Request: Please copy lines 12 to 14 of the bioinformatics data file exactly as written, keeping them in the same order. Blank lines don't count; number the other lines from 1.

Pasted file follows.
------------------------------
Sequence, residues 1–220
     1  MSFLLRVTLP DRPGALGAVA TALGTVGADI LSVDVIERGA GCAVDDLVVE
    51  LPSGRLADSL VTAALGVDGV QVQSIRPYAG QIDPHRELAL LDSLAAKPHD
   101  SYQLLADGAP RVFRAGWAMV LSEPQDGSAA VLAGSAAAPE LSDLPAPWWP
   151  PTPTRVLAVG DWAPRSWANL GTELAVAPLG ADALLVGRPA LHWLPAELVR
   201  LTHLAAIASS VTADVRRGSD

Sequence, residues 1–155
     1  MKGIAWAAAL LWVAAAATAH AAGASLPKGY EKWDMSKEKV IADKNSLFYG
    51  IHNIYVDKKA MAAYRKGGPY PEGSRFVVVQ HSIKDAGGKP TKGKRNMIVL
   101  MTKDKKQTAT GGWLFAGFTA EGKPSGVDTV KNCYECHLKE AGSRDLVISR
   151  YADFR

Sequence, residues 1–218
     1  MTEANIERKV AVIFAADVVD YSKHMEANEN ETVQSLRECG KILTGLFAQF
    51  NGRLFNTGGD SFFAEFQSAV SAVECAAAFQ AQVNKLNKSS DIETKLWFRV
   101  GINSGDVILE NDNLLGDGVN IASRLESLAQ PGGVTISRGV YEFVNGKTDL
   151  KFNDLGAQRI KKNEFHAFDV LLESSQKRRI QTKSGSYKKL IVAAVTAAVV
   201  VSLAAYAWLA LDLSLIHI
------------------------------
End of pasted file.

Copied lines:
Sequence, residues 1–218
     1  MTEANIERKV AVIFAADVVD YSKHMEANEN ETVQSLRECG KILTGLFAQF
    51  NGRLFNTGGD SFFAEFQSAV SAVECAAAFQ AQVNKLNKSS DIETKLWFRV